# 2016 AMC 10B Problems/Problem 25

## Problem

Let $f(x)=\sum_{k=2}^{10}(\lfloor kx \rfloor -k \lfloor x \rfloor)$, where $\lfloor r \rfloor$ denotes the greatest integer less than or equal to $r$. How many distinct values does $f(x)$ assume for $x \ge 0$?

$\textbf{(A)}\ 32\qquad\textbf{(B)}\ 36\qquad\textbf{(C)}\ 45\qquad\textbf{(D)}\ 46\qquad\textbf{(E)}\ \text{infinitely many}$

## Solution 1

Since $x = \lfloor x \rfloor + \{ x \}$, we have

$$f(x) = \sum_{k=2}^{10} (\lfloor k \lfloor x \rfloor +k \{ x \} \rfloor - k \lfloor x \rfloor)$$

The function can then be simplified into

$$f(x) = \sum_{k=2}^{10} ( k \lfloor x \rfloor + \lfloor k \{ x \} \rfloor - k \lfloor x \rfloor)$$

which becomes

$$f(x) = \sum_{k=2}^{10} \lfloor k \{ x \} \rfloor$$

We can see that for each value of $k$, $\lfloor k \{ x \} \rfloor$ can equal integers from $0$ to $k-1$.

Clearly, the value of $\lfloor k \{ x \} \rfloor$ changes only when $\{ x \}$ is equal to any of the fractions $\frac{1}{k}, \frac{2}{k} \dots \frac{k-1}{k}$.

So we want to count how many distinct fractions less than $1$ have the form $\frac{m}{n}$ where $n \le 10$. Explanation for this is provided below. We can find this easily by computing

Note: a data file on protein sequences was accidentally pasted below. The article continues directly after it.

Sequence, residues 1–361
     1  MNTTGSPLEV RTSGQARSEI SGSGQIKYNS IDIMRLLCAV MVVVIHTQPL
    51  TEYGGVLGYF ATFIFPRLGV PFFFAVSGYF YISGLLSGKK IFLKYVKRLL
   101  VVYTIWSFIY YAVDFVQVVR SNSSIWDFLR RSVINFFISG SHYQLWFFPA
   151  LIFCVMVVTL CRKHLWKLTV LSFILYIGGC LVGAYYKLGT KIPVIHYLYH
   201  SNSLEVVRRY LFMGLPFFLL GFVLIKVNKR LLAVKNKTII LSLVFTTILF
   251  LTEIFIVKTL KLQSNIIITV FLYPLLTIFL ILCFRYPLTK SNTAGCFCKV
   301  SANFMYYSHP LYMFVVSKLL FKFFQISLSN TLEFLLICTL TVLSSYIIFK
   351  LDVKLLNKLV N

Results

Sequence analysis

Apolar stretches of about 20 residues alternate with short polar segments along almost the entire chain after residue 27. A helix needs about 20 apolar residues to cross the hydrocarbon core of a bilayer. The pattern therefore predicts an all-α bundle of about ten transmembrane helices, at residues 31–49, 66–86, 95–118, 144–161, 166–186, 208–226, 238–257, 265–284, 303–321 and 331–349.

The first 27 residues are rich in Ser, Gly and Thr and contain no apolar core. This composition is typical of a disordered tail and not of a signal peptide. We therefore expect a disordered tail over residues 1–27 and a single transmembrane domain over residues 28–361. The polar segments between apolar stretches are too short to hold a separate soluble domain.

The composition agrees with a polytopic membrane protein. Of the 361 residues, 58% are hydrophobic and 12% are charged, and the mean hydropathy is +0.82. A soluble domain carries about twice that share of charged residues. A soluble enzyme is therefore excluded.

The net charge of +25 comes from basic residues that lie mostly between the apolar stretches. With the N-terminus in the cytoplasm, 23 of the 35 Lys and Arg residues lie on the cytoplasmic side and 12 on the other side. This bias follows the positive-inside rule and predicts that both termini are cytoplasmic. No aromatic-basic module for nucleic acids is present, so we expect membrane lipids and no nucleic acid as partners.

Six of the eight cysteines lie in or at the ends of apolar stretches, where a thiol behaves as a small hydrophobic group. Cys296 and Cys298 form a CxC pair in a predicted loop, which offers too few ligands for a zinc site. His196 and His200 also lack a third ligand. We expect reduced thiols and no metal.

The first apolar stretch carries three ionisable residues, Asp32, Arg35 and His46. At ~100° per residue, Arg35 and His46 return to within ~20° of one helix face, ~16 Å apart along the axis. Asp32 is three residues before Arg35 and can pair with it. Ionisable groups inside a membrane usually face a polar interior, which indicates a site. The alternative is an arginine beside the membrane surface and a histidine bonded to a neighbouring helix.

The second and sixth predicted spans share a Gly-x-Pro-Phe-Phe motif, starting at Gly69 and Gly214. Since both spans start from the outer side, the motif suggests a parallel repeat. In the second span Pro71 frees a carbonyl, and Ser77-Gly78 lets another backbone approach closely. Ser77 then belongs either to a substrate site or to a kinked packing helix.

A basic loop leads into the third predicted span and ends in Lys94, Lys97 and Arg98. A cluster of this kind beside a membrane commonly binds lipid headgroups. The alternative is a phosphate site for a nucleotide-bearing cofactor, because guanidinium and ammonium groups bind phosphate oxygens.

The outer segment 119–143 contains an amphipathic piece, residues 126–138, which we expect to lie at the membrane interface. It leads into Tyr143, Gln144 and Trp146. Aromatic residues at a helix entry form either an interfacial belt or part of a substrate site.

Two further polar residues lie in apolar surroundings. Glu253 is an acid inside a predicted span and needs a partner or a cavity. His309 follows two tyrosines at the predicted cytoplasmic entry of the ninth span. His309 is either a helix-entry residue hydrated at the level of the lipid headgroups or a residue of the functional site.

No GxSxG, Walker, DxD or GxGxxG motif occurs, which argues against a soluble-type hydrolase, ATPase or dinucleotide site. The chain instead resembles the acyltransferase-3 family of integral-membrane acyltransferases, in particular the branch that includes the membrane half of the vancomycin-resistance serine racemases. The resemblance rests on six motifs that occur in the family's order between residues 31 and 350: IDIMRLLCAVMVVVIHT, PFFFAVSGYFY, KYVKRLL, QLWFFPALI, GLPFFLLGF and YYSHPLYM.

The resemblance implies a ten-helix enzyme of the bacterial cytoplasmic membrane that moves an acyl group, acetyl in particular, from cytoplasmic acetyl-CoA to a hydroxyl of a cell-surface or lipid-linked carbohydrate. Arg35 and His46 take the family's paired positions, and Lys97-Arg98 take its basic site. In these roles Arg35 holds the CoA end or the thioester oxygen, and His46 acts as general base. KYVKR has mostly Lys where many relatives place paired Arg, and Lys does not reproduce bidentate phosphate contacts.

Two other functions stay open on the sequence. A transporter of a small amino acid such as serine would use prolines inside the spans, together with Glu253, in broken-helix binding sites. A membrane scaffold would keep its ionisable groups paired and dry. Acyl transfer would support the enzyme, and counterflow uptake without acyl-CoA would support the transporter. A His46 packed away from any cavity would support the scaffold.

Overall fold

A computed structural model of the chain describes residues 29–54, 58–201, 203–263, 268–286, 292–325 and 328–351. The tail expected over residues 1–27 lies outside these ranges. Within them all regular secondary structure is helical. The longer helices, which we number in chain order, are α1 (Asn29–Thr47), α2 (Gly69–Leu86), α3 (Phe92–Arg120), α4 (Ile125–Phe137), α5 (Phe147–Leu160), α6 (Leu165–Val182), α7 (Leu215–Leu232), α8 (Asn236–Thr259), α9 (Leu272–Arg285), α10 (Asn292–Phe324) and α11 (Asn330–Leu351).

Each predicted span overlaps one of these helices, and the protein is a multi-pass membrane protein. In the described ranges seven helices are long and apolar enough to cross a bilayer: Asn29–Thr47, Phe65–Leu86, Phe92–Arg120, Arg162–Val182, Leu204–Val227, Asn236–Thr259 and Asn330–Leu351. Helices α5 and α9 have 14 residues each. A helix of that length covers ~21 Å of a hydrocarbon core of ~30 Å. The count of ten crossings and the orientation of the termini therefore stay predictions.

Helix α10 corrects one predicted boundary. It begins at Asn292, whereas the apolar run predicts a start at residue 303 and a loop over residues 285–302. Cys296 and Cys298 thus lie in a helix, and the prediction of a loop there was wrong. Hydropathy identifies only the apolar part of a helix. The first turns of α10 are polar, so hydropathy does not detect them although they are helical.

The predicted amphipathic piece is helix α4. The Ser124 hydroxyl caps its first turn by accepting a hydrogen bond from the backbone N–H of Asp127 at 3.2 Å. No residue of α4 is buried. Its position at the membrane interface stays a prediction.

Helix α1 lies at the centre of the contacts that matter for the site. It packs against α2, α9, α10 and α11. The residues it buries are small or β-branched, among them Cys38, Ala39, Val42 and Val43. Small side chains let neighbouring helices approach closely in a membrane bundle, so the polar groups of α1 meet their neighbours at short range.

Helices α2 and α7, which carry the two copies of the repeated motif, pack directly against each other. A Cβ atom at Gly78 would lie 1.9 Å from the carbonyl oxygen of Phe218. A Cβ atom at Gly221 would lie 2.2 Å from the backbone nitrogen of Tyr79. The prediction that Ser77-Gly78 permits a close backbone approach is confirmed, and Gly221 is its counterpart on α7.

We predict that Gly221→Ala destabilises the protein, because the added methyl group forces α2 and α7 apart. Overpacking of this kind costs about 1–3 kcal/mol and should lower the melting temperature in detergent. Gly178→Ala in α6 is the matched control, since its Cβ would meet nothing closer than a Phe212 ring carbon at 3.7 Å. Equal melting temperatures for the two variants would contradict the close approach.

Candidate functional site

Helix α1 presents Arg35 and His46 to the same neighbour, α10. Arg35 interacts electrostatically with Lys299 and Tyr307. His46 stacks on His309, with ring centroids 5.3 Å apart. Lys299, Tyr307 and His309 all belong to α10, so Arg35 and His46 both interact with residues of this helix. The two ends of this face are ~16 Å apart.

$$\sum_{k=2}^{10} \phi(k)$$

where $\phi(k)$ is the Euler Totient Function. Basically $\phi(k)$ counts the number of fractions with $k$ as its denominator (after simplification). This comes out to be $31$.

Because the value of $f(x)$ is at least $0$ and can increase $31$ times, there are a total of $\fbox{\textbf{(A)}\ 32}$ different possible values of $f(x)$.

### Explanation:

Arrange all such fractions in increasing order and take a current $\frac{m}{n}$ to study. Let $p$ denote the previous fraction in the list and $x_\text{old}$ ($0 \le x_\text{old} < k$ for each $k$) be the largest so that $\frac{x_\text{old}}{k} \le p$. Since $\text{ }\text{ }\frac{m}{n} > p$, we clearly have all $x_\text{new} \ge x_\text{old}$. Therefore, the change must be nonnegative.

But among all numerators coprime to $n$ so far, $m$ is the largest. Therefore, choosing $\frac{m}{n}$ as ${x}$ increases the value $\lfloor n \{ x \} \rfloor$. Since the overall change in $f(x)$ is positive as fractions $m/n$ increase, we deduce that all such fractions correspond to different values of the function.

Minor Latex Edits made by MathWizard10.

### Supplement

Here are all the distinct $\frac{m}{n}$ and $\phi(k):$

When $n=2$ , $\frac{m}{n}=\frac{1}{2}$ . $\phi(2)=1$

When $n=3$ , $\frac{m}{n}=\frac{1}{3}$ , $\frac{2}{3}$ . $\phi(3)=2$

When $n=4$ , $\frac{m}{n}=\frac{1}{4}$ , $\frac{3}{4}$ . $\phi(4)=2$

When $n=5$ , $\frac{m}{n}=\frac{1}{5}$ , $\frac{2}{5}$ , $\frac{3}{5}$ , $\frac{4}{5}$ . $\phi(5)=4$

When $n=6$ , $\frac{m}{n}=\frac{1}{6}$ , $\frac{5}{6}$ . $\phi(6)=2$

When $n=7$ , $\frac{m}{n}=\frac{1}{7}$ , $\frac{2}{7}$ , $\frac{3}{7}$ , $\frac{4}{7}$ , $\frac{5}{7}$ , $\frac{6}{7}$ . $\phi(7)=6$

When $n=8$ , $\frac{m}{n}=\frac{1}{8}$ , $\frac{3}{8}$ , $\frac{5}{8}$ , $\frac{7}{8}$ . $\phi(8)=4$